A look at the 3 remaining ‘Top Chef Masters’ contestants


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Rather than rehash the play-by-play of last night’s episode like the rest of the blogosphere, let’s take a peek at the remaining chefs and what they bring to the table.

Considering each chef’s strengths and weaknesses, who do you think will take home the title? Discussion after the jump.


(Spoiler alert! If you read on you’ll figure out who was eliminated last night.)

Susur Lee

Strength: Several weeks ago, reader ‘I Cooka da Fish’ wrote about having worked with Lee in Toronto. Every day after shopping at the international market, he’d lay a sheet out in the middle of the dining room and spread out his wares. Like a painter, Lee would stare at his canvas of produce and create the menu for the night. This little anecdote tells us a lot about his creativity, but that’s not his only strength. He also possesses pastry-making skills that many competitors have lacked in the past. During the wedding challenge, he busted out an impressive croquembouche, raisin bread pudding, chocolate profiteroles and his first-ever carrot cake, while the rest of the team each made one dish. And last night’s comically phallic chocolate mousse had the comedian judges from the Groundlings chuckling, and wanting more.

Weakness: Though Susur works quickly, he is perhaps a bit unfocused at times. There’s also been a common theme of cultural misunderstanding throughout the season.

Rick Moonen

Strength: There is no doubt that Rick Moonen is the master of sustainable seafood. But he’s also a team player. Last night’s episode showed him lending Marcus Samuelson his unused funds at Whole Foods, making the goofy chef even more lovable. Granted, many have complained about how mindful the master chefs are to each other, wanting a bit more fiery competition, but Moonen’s good sportsmanship is endearing. Who knows, maybe karma will kick in during the finals. Also, Moonen has an impeccable palate, which we saw in last week’s episode. That certainly couldn’t hurt.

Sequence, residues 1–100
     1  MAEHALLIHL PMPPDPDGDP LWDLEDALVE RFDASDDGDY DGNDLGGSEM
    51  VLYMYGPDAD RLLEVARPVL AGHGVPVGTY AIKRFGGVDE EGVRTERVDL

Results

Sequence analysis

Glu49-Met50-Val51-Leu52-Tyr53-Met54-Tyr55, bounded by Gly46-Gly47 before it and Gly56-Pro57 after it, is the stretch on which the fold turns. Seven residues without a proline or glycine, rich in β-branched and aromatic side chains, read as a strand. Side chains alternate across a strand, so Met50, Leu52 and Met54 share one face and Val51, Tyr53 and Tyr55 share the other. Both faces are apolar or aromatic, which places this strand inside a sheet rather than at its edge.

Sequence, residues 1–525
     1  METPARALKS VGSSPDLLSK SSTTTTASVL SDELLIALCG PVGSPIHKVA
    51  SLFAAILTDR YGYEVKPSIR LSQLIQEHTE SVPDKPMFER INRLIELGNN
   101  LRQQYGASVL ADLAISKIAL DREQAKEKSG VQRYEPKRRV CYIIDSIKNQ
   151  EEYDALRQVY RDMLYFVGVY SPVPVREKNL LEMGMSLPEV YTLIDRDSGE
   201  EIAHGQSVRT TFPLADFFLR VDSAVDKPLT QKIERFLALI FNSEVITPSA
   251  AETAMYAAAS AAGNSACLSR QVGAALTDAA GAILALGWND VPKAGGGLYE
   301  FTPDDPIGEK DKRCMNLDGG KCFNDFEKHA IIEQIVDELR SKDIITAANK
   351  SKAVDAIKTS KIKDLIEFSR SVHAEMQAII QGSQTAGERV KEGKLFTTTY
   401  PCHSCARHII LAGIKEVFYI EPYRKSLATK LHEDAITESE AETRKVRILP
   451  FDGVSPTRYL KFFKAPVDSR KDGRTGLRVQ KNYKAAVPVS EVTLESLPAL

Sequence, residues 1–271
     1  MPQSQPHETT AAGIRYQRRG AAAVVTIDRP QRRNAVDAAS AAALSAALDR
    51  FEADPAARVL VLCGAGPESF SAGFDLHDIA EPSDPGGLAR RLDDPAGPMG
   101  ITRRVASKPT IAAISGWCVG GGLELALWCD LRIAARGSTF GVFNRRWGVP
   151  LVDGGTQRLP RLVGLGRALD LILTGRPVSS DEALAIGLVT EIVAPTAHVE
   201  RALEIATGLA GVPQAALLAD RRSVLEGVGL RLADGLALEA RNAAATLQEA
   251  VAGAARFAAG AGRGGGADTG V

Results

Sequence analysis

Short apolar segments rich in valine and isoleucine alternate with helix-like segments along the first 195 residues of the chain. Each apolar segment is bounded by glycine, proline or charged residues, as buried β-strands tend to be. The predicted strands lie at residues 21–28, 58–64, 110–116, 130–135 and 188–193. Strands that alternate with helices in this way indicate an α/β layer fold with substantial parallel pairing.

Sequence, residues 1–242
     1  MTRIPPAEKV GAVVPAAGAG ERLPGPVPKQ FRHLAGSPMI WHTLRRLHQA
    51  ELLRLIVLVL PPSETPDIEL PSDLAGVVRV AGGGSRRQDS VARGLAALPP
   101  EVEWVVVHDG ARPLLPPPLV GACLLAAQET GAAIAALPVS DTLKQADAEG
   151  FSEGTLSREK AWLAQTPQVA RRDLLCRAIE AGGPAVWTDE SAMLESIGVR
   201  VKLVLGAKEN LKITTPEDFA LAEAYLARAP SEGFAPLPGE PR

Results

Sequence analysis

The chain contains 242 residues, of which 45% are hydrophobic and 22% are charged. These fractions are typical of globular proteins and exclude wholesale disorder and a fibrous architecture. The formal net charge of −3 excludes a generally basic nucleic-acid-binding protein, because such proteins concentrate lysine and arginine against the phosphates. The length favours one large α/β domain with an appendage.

Weakness: His big personality and self-proclaimed ADD could distract him from the final prize. Hopefully his deft skill with seafood isn’t his only weapon.

Marcus Samuelson

Strength: Samuelson has been portrayed as a cutthroat competitor with international flair. He focuses on bold, complex, layered flavors, remaining true to his roots. Samuelson is young and daring, and in really great shape -- certainly a benefit in timed competition. Throughout the season we’ve seen him running circles around the other chefs.

Weakness: His show-no-mercy attitude could hurt him in the end. He’s cut others in line at the meat counter a few times, and maybe the chefs are ready for payback. Perhaps he’ll need some help and the others won’t be there to lend a hand.

What do you think might be the kryptonite of these three chefs? Who do you think has what it takes to become the next Top Chef Master?

-- Krista Simmons

Follow me on Twitter @kristasimmons

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